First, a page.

Ms. Mapes is quite right when she says there is no “Better Business Bureau” for journalists. (Page 32: “There is no unbiased hiring and firing body that disciplines all of journalism. There is no Better Business Bureau or Plumbers Board to complain to.”)
But this is America. When we Americans see a need for something, we tend to invent it. And that, I think, is what brought about things like Talk Radio and the blogosphere — the need among the “little people” (and, speaking in every sense but the literally physical, I’m definitely one of the little people) to provide some sort of balance, some kind of checking mechanism, some sort of way to exert some restraint on the press, the same way the three branches of our federal government balance each other.
Ms. Mapes doesn’t like that. Partly because it flatly contradicts her world view of journalists as the unvarnished (and unquestioned) champions of truth and freedom and justice. Partly because it exposes the shadier side of her profession, the side that was kept safely from the public for decades upon decades.
And mostly because it caught her (and her hero, her idol, her object of worship, Dan Rather) trying to fraudulently sway a presidential election in a particularly inept way, and cost the two of them their careers.
Maybe, some day, there will arise a third force to check both the mainstream media and the blogosphere, and the parallel will be complete. But until that day arrives, Ms. Mapes, we bloggers will continue to eye you with the same critical, cynical eye that you gaze upon your subjects with. We see you as the comfortable, and we see our job as afflicting you. You speak of your obligation to “the American people,” and sound suspiciously like those who speak of “the masses” — and end up as the worst form of tyrants. We see our obligation to our readers, and we interact with them on a daily basis — we never get to think of them as some vague, amorphous group. We know them by name (given or chosen), their style of writing, their beliefs, their stories.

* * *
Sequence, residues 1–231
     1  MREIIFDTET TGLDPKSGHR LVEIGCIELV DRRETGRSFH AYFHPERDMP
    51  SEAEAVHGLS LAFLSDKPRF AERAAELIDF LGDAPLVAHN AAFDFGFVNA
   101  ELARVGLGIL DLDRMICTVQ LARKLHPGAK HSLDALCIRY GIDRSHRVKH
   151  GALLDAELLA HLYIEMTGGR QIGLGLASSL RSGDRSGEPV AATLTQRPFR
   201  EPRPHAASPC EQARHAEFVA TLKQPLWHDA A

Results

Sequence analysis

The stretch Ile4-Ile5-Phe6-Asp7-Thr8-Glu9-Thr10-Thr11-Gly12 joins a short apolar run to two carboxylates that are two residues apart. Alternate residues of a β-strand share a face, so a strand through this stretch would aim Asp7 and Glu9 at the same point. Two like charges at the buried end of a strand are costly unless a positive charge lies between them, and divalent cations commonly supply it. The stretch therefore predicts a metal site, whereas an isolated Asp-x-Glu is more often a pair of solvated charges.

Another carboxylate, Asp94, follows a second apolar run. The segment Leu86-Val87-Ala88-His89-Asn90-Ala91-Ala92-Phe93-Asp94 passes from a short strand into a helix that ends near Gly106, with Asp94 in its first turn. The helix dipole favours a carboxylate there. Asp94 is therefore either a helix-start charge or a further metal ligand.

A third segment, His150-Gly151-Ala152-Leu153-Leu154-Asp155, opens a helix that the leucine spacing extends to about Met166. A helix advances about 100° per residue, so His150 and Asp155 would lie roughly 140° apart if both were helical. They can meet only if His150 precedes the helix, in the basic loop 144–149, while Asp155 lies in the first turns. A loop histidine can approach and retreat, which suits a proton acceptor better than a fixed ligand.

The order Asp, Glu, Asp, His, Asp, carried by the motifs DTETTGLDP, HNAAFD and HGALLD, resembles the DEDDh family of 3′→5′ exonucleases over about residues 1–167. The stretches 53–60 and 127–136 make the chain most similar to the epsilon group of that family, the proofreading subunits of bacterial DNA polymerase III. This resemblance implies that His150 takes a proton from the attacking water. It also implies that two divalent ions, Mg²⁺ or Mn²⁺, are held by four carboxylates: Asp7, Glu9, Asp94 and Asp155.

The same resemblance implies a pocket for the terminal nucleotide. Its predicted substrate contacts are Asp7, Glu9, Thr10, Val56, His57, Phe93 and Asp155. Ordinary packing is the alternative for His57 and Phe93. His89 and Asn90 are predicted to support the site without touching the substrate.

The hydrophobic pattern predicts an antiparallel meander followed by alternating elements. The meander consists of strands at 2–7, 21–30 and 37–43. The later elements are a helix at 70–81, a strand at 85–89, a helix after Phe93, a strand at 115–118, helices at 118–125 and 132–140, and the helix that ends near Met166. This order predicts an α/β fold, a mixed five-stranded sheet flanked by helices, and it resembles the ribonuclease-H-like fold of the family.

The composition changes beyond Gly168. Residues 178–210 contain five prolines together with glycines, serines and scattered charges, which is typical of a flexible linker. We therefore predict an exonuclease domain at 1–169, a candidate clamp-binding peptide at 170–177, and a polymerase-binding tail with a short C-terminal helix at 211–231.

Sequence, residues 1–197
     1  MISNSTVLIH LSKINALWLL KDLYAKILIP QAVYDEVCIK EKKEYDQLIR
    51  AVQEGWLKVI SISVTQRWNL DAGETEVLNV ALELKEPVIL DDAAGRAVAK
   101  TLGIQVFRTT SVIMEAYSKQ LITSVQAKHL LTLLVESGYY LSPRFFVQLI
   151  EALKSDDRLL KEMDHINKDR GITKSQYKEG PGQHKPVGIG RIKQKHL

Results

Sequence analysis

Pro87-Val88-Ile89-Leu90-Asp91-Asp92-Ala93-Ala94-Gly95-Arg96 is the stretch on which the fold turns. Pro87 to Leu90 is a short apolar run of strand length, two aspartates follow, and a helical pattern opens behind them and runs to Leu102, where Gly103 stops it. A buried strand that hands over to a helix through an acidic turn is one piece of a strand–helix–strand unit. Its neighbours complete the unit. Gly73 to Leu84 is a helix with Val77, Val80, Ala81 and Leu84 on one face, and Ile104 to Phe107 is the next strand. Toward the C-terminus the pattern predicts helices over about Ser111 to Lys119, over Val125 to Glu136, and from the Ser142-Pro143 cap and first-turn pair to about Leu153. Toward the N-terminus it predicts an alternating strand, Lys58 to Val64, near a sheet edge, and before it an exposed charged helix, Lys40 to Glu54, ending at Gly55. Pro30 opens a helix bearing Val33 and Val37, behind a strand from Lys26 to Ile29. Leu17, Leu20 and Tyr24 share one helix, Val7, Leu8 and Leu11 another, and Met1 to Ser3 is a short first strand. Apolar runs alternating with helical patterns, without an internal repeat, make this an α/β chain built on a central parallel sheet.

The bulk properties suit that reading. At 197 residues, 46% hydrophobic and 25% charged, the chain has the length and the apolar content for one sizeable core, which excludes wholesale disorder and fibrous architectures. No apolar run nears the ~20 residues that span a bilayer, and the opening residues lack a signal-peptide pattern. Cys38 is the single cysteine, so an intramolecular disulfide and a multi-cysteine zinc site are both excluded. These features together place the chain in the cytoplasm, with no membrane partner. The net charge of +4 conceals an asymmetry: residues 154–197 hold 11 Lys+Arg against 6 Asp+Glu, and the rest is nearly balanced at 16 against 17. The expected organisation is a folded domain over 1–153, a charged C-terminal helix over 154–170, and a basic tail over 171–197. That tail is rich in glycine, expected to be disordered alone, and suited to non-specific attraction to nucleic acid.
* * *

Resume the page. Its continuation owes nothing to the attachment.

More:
You claim to serve the people, Ms. Mapes. Well, we are a lot closer to the people. We live with them, work with them, eat among them, sleep with them. We are them.
And we don’t always care for the services you provide. Now we have a way of expressing that dissatisfaction, and you don’t like it one damned bit, do you?
Take heart from these words from Thomas Jefferson, and feel free to adapt the sentiment for your particular circumstance: “I tremble for my country when I reflect that God is just, that His justice cannot sleep forever.”
All I can add is this:
Sucks to be you.
But man, did you and your whole profession ask for it.